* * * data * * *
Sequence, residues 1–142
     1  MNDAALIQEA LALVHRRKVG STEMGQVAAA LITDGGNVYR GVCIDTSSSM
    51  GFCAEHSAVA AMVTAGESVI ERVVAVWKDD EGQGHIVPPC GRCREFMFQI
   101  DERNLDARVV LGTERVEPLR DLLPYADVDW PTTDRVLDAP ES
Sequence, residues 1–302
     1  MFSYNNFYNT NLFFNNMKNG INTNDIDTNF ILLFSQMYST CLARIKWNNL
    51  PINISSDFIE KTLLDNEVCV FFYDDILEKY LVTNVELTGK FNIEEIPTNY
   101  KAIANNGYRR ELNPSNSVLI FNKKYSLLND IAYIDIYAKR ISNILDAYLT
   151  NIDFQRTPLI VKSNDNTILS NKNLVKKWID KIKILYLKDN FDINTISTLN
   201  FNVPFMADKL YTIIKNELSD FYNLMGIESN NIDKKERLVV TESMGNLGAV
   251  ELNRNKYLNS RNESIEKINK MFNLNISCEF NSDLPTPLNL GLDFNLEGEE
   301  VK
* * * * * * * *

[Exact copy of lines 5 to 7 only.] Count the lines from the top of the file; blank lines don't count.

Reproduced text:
Sequence, residues 1–302
     1  MFSYNNFYNT NLFFNNMKNG INTNDIDTNF ILLFSQMYST CLARIKWNNL
    51  PINISSDFIE KTLLDNEVCV FFYDDILEKY LVTNVELTGK FNIEEIPTNY